A growing number of colleges are "test optional" -- they do not require SATs or ACTs, but give students the choice of submitting other information instead. You can find a list of these schools at fairtest.org. The downside is that many of them tend to be expensive. The only other colleges that do not require standardized test scores are community colleges.
You and your son have to be realistic. Colleges will ask themselves two questions while they read an application: 1) can this student handle our academic program successfully? and 2) what will this student contribute to our campus community?
What are your son's strengths? What are the qualities he will share with his campus community? What special skills or demonstrated interests does he have? Those will be important facts to consider as he selects colleges that might be a good fit. And he should definitely play up these attributes in his college essays and applications.
Q: My son will be applying to colleges in the fall. My question is about college interviews. Are college interviews given randomly or are they primarily given if the college is not quite sure about accepting the applicant? Is it just Ivy League schools who interview students or do many colleges request them?
A: As one admissions staff member told me, "An application is two-dimensional, but an interview is in 3-D." The college interview is a positive thing -- another way for an admissions committee to gain information about the applicant, another opportunity for an applicant to shine. There are different types of interviews, and not every college will have them as part of the admissions process.
While most Ivy League colleges do have interviews, not every applicant is offered one. And interviews are definitely not limited to the Ivy league. Many colleges want to interview candidates, but in general these are smaller schools. Large universities -- for instance, state universities -- do not offer interviews because there are too many candidates and the process would become unwieldy.
Some interviews are held on-campus by members of the admissions staff. If your son is planning any campus visits he ought to see if he can arrange in advance for an interview while he is there. In some cases, admissions staff have current college students do the interviewing. it would be a mistake to see this as not a "real" interview -- these students will take notes and report back to the admissions staff. And having a chat with a current student is also a positive opportunity -- your son could ask questions, too. This is a chance for him to interview the college. What does the student like best about being at the college? What is one thing he might wish to improve? What is a typical weekend like? How accessible are the professors?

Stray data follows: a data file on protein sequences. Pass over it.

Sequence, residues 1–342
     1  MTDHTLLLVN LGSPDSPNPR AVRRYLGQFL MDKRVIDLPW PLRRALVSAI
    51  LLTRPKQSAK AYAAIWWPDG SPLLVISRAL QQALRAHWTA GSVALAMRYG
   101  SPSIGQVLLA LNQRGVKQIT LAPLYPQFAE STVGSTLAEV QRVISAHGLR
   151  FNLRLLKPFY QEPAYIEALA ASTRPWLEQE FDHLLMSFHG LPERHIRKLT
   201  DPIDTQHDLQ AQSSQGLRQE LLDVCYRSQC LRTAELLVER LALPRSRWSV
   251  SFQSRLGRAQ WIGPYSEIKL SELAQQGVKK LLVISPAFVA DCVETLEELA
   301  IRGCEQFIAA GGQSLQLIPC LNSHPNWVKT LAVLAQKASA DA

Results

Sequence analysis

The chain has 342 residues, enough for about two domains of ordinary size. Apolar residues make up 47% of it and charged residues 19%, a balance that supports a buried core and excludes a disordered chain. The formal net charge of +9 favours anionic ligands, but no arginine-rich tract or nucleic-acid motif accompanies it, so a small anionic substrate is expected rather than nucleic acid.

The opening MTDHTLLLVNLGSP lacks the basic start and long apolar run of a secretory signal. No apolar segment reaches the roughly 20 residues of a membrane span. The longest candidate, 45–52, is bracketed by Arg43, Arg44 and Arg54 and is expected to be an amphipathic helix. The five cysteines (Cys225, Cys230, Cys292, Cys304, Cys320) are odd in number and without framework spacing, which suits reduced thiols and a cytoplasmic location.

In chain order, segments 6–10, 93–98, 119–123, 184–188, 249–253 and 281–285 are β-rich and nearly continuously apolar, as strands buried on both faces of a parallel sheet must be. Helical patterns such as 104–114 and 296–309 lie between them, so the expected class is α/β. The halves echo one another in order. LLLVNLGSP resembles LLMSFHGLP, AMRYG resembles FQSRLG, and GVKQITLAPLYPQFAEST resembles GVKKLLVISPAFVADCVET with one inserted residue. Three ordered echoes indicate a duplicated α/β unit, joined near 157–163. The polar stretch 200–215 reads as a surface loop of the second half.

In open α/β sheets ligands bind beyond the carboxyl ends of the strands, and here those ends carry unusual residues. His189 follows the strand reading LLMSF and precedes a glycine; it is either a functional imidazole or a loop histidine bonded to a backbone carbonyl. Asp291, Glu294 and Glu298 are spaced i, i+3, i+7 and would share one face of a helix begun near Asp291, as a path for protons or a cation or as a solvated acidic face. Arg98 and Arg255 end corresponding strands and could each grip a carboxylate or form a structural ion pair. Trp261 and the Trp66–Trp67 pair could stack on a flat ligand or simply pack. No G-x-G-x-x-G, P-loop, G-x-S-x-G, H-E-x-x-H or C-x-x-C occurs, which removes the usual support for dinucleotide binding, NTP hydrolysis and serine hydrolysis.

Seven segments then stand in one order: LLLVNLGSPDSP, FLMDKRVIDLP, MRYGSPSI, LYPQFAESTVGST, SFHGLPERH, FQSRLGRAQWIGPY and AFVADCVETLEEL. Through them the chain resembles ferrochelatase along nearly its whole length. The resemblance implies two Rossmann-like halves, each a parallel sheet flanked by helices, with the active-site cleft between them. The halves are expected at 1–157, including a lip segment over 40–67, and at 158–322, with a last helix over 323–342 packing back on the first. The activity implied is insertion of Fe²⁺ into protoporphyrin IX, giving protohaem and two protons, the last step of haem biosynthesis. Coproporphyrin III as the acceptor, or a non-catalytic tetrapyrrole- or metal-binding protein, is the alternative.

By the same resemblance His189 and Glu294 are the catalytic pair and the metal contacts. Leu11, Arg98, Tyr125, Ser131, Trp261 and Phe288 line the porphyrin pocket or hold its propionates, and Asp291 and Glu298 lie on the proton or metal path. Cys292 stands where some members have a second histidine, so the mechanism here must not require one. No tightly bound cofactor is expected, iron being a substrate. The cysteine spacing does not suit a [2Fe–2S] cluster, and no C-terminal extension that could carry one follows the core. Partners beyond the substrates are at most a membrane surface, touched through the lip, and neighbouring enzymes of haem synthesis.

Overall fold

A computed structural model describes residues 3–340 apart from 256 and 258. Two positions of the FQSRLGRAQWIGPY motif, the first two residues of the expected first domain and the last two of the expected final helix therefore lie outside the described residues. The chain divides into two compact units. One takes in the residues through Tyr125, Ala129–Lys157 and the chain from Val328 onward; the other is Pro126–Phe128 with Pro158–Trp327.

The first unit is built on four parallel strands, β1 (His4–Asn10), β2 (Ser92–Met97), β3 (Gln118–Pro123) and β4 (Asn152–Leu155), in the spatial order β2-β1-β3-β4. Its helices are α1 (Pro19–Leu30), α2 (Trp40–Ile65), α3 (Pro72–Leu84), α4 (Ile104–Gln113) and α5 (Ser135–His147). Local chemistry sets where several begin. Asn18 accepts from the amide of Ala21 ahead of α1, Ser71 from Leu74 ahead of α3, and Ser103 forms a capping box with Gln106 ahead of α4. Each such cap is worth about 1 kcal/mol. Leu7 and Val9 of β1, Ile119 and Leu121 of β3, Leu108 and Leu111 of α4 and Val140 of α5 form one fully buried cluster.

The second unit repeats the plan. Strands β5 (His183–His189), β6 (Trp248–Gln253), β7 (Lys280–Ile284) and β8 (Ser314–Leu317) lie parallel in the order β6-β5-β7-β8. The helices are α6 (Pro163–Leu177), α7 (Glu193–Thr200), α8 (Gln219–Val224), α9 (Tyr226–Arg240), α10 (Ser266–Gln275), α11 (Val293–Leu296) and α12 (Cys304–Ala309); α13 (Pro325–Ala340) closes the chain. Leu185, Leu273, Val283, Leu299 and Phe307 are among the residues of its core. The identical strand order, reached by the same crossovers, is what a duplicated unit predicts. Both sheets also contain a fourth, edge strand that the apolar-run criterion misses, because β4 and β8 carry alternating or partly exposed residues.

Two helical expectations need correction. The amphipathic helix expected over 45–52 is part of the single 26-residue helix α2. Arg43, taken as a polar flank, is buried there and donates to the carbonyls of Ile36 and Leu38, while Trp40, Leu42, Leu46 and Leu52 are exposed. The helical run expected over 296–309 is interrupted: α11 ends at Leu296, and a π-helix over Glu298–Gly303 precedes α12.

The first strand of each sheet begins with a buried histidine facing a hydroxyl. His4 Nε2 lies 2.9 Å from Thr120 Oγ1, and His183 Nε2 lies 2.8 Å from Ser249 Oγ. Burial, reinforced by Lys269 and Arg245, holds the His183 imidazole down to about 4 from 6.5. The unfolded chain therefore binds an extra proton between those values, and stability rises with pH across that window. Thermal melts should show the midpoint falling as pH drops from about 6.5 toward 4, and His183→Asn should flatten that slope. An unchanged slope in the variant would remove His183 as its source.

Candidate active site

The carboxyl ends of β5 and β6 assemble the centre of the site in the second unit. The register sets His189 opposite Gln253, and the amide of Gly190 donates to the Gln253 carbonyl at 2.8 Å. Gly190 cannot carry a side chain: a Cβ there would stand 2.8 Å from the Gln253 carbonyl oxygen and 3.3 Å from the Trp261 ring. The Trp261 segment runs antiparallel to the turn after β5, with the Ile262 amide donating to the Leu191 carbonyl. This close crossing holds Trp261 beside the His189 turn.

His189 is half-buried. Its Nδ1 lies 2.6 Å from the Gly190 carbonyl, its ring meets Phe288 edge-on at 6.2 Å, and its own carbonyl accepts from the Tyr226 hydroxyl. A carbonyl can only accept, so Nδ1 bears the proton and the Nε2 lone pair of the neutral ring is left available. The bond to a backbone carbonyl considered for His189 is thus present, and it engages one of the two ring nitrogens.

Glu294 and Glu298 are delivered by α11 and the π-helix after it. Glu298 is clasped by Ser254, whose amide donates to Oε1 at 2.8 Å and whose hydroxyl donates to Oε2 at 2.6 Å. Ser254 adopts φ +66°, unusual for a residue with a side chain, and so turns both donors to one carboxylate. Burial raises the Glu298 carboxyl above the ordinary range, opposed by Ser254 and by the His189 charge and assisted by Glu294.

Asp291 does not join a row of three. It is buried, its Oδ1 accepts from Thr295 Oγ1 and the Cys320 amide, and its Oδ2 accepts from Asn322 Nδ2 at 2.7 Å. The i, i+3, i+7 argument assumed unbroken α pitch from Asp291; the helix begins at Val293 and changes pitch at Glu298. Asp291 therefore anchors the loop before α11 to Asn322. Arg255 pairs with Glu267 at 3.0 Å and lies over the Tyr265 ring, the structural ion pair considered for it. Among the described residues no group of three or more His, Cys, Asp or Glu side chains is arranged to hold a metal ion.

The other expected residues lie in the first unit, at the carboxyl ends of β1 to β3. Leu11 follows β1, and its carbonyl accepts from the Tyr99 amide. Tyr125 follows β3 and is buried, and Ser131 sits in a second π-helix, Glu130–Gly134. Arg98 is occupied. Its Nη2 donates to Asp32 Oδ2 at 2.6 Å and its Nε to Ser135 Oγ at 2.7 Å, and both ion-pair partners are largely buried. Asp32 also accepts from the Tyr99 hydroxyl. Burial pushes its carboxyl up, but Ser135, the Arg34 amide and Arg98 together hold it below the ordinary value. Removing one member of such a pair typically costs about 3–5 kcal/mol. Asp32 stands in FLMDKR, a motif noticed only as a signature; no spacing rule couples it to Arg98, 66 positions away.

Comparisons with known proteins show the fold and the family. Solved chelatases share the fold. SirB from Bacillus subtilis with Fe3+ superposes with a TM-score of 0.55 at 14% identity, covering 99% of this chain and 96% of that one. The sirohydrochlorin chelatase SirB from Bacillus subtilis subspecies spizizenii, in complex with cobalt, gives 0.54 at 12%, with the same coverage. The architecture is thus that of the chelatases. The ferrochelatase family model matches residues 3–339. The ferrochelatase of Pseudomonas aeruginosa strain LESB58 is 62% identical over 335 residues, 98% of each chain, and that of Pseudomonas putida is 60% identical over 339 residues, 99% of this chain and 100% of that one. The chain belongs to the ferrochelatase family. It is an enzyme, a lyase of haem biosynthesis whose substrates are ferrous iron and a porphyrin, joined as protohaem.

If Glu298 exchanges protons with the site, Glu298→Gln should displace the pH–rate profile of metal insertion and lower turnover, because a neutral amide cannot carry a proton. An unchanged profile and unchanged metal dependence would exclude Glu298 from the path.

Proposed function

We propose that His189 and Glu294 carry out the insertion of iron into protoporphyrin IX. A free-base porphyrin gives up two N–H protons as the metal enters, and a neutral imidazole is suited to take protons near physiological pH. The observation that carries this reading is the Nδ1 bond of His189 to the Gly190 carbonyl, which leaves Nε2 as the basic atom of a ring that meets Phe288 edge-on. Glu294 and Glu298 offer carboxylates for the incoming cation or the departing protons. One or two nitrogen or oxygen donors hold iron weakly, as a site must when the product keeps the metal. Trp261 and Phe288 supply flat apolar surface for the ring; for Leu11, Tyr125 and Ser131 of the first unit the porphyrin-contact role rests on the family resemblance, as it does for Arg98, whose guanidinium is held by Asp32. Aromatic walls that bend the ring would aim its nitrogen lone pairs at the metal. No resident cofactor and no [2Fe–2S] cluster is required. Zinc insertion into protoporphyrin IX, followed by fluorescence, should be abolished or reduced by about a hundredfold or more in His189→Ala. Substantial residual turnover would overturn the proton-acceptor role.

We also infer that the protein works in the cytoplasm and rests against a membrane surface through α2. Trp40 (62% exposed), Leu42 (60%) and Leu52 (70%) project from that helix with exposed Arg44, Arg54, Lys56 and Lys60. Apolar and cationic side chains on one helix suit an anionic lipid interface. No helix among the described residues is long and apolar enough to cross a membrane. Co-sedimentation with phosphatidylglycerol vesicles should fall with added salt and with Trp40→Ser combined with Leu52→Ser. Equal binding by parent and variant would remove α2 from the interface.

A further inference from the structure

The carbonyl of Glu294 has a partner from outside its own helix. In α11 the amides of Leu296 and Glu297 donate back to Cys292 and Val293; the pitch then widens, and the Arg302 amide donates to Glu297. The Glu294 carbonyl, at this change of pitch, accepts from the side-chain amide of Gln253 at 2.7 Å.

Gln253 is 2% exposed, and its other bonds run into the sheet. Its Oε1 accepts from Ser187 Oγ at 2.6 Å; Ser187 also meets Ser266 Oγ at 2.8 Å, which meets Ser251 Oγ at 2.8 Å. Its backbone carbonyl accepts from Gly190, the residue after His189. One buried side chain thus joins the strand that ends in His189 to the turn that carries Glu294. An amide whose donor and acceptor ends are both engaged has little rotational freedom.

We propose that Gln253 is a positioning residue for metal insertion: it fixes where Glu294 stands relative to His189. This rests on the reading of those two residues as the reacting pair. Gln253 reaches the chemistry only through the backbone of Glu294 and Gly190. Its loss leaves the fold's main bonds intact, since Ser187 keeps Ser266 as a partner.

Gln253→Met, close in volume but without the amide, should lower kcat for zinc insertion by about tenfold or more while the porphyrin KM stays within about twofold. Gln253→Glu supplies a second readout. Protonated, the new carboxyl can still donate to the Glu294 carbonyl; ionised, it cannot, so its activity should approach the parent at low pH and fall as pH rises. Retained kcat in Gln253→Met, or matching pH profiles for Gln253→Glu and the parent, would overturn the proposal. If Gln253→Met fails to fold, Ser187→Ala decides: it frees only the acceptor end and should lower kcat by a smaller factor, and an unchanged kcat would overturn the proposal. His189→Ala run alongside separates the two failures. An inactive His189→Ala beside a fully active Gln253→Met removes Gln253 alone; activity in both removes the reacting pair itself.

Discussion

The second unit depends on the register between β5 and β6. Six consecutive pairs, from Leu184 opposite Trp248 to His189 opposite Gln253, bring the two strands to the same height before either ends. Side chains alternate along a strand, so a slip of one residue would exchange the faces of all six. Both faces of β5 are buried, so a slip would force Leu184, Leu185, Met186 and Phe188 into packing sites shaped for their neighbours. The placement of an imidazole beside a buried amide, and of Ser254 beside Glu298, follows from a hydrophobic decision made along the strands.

Then there are the off-campus interviews. These are generally arranged by the admissions office with a network of alumni representatives around the country. These alumni are happy to do something to help their alma mater and they usually truly enjoy meeting prospective applicants. They, also, will send notes back to the colleges. Again, it would be a mistake to think that because the interview is not with an admissions officer that it is unimportant. No opportunity to make a positive impression is wasted.
But do all these interviews really count? Some are more valuable than others. Having a wonderful interview where the student and the interviewer really hit it off and have a sparkling friendly conversation is no guarantee of admission. Can a fantastic interview make up for a weak GPA? No. Being nervous at an interview and fumbling a couple of questions does not mean a student has just killed his chances at admission. Will a less-than-perfect interview -- or no interview at all -- negate an otherwise powerful application? No.
Bottom line:Your son should try to arrange for an interview with each college he is serious about.